Lab Three chicken led dissection
Today I am going to be dissecting a chicken leg that is attached to the chicken thigh. Throughout this dissection I will be giving specific detail about the structure and functions of the tendons, ligaments, and cartilage. I will be identifying the muscles and their functions and also the bone and its functions. I hope that everybody enjoys this dissection as much as I did.
My chicken leg and thigh
I started by socking the chicken in water and making sure that all the extra blood is out of the chicken. While waiting I cleaned off the counter space and made sure that I have all the equipment that I will need to be able to dissect the chicken leg and thigh. I used a cutting board and many surgical tools such as gloves, knife, scissors, hemostat, and a probe. I also made sure to have paper towels available, bleach spray and antibacterial hand soap. Once I had my set up all ready I got the chicken leg and thigh and dried it off with a paper towel softly. I placed the chicken on the cutting board and put on my gloves and was ready to get started. I took a few minutes to observe the outside of the chicken and noticed that the leg of the chicken had a hematoma which could mean that the chicken had a bone fracture in its leg. Now I am ready to start identifying the skin tissue type, ligaments, muscles, and bones. I will also keep my eye open to see if I can find the bone fracture in the chicken leg.
getting chicken clean
I am observing the skin. It is a special connective tissue called adipose tissue. The structure of the adipose tissue is primarily cells called adipocytes filled with fat deposits. The fat tissue outside of the skin is yellow and very clumpy. It felt rubbery and very strong and flexible. It was very easy to get the fat of the skin. I used a knife and just barely had to touch the connective adipose tissue and the fat tissue separated away from the skin. The adipose tissue stores fat and adipocytes are the actual fat cells that are located under the skin. The adipose tissue keeps energy locked in its tissue for later use. It also serves as an insulator to keep all inside organs and bones safe, and keeps the body at its normal temperature.
I noticed that around the bone of the chicken leg are many muscles. You can tell because each muscle is separated by a fascia which is a fibrous connective tissue. Each muscle is placed in its appropriate place so it can carry out its functions and let the leg and knee move properly. The larger muscles where on the top layer with smaller muscles underneath.
Next I am looking for a tendon which connects muscle to bone. A tendon is a tough connective tissue. When I felt the tendon it was very firm and strong. I could bend the tendon and move it around very easy. I tried to take the probe and put a hole in the end of the tendon to see the inside of it but it was not possible. I left the tendon sitting out next to the leg I was dissecting and by the time I was done dissecting the rest of the leg the tendon had turned crusty and almost a see through color and it harden up.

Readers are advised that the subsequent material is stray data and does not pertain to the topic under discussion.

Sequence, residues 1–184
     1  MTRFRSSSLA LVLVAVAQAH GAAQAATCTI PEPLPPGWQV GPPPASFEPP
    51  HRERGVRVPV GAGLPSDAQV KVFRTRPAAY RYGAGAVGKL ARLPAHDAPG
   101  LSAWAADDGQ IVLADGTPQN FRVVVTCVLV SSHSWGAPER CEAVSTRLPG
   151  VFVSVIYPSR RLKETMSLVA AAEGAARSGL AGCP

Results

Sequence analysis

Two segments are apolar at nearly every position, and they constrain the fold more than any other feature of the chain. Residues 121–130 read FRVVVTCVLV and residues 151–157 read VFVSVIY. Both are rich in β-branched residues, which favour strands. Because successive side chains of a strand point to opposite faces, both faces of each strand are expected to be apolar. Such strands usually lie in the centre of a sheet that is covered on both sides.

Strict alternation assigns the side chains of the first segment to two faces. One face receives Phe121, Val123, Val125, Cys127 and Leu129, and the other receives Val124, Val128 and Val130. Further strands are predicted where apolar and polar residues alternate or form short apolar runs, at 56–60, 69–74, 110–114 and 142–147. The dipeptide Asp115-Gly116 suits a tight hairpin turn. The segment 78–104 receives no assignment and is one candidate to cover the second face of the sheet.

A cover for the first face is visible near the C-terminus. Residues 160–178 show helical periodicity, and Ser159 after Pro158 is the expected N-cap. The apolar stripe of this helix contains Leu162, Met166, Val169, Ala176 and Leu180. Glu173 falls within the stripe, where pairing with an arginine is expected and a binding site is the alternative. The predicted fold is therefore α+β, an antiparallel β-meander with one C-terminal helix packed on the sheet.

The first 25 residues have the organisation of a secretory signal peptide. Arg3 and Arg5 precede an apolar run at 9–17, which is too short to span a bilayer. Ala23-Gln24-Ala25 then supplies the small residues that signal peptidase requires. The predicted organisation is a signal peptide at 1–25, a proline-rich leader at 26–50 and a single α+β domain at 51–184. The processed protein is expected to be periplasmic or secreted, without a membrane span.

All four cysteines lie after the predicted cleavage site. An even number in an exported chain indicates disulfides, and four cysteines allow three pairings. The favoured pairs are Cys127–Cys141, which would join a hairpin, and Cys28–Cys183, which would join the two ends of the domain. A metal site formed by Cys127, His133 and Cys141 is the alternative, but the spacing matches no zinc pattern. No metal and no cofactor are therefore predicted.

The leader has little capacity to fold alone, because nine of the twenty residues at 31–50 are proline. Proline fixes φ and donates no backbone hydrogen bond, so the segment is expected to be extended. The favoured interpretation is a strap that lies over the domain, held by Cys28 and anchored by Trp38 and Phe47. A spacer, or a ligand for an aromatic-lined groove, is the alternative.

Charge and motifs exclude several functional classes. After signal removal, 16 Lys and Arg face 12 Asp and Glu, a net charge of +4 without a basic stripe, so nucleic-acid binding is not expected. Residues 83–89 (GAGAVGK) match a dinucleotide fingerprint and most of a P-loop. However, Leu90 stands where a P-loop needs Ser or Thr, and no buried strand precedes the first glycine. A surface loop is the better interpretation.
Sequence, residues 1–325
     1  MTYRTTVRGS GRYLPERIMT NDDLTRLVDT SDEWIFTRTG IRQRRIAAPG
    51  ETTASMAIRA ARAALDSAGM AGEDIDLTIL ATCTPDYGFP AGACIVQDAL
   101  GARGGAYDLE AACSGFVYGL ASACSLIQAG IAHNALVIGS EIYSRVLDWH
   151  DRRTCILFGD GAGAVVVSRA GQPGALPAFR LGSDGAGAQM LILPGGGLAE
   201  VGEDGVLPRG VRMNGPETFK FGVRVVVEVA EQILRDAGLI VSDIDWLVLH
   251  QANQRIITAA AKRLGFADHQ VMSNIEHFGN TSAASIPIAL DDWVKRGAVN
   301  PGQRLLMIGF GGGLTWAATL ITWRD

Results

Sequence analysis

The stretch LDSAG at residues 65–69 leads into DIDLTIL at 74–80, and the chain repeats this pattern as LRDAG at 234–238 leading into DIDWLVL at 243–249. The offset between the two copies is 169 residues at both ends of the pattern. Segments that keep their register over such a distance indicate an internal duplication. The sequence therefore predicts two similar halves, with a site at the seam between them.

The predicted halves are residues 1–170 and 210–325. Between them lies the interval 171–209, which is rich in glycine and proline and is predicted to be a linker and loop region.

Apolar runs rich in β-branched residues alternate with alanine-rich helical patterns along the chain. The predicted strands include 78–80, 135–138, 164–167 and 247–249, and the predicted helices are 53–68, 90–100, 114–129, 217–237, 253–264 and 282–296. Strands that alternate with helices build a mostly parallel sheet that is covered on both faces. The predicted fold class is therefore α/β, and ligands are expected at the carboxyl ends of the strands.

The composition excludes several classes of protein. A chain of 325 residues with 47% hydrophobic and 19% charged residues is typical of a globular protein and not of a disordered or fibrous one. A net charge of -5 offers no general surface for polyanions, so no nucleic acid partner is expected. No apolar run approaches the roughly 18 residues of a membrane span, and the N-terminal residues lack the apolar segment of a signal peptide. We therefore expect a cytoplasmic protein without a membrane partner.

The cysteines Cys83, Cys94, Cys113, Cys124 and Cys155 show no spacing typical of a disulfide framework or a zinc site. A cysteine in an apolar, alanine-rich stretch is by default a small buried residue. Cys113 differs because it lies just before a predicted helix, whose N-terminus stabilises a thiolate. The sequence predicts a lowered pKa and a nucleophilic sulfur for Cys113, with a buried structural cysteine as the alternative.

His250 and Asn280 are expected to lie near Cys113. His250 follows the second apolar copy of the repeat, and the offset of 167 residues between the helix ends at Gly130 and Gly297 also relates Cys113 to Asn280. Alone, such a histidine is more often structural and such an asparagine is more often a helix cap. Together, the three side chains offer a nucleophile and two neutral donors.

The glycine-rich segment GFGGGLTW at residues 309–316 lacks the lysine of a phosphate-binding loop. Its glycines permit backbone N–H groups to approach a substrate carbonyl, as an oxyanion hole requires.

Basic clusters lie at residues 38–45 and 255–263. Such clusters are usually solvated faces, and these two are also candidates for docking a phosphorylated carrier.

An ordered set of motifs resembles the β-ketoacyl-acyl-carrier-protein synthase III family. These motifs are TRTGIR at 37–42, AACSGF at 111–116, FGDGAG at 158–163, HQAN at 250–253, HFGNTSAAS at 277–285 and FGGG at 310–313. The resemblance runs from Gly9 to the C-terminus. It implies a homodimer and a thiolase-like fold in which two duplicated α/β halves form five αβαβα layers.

I am going to cut a small muscle off the chicken leg. In a human body there are more than six hundred skeletal muscles. They work with the skeleton to make bone movement possible. Skeletal muscles are the reason we can move certain ways and they also restrict some movement. Skeletal muscles have to contract and relax in order to make movement possible.
I am going to cut the rest of the muscles away from the chicken leg so all bone is exposed. That way I can see the joint and what the functions of it are. The chicken leg was able to move in a back and forth motion. Its motions would be flexion, extension, and hyperextension. You can’t move it side to side or the tendons and ligaments will tear. I noticed that the joint was hard but it had some give to it. I was very surprised by this because I thought it would be rock hard and it wasn’t. It almost seemed like it had padding in it. The knee joint is a hinged synovial joint. The inside of the joint has a synovial membrane which produces a synovial fluid that lubricates the joints and reduces friction. This is why the joint had some give to it. The joint bones are covered with a smooth layer of hyaline cartilage which makes up the joint capsule. The synovial membrane and synovial fluid help keep the cartilage in the knee going. If the cartilage of the knee happens to wear away it will become very stiff and painful. This could lead to arthritis.
Taking more muscles of the chicken
no more muscle left
chicken leg joint
Even though I can’t see insight the bone I will do my best to tell you what the bones do. Most of the bone is made up of extracellular crystals of calcium minerals which are why the bones are so hard. They help support, protect, and let movement be possible. Bones also form the blood cells and store minerals. So inside of the bone I believe that there will be yellow bone marrow, red and white blood cells, platelets for blood, calcium, and phosphate.
Found the hematoma the bone had a fracture
This lab was extremely interesting to me. I am usually not very excited about having to do the dissecting in science class but this time I felt like it was a privilege. I learned so much that I had no idea about. I never knew exactly how many ligaments are actually in a chicken leg yuck. I have cooked chicken many times before and never seen what I saw actually dissecting it. I would have to say it definitely helps me understand more about the way muscles, ligaments, bones joints and the skin all work.
No more chicken
Johnson, Michael. Human Biology Concepts and Current Issues. 6th. Boston: Benjamin Cummings, 2012. Print. 4/10/2012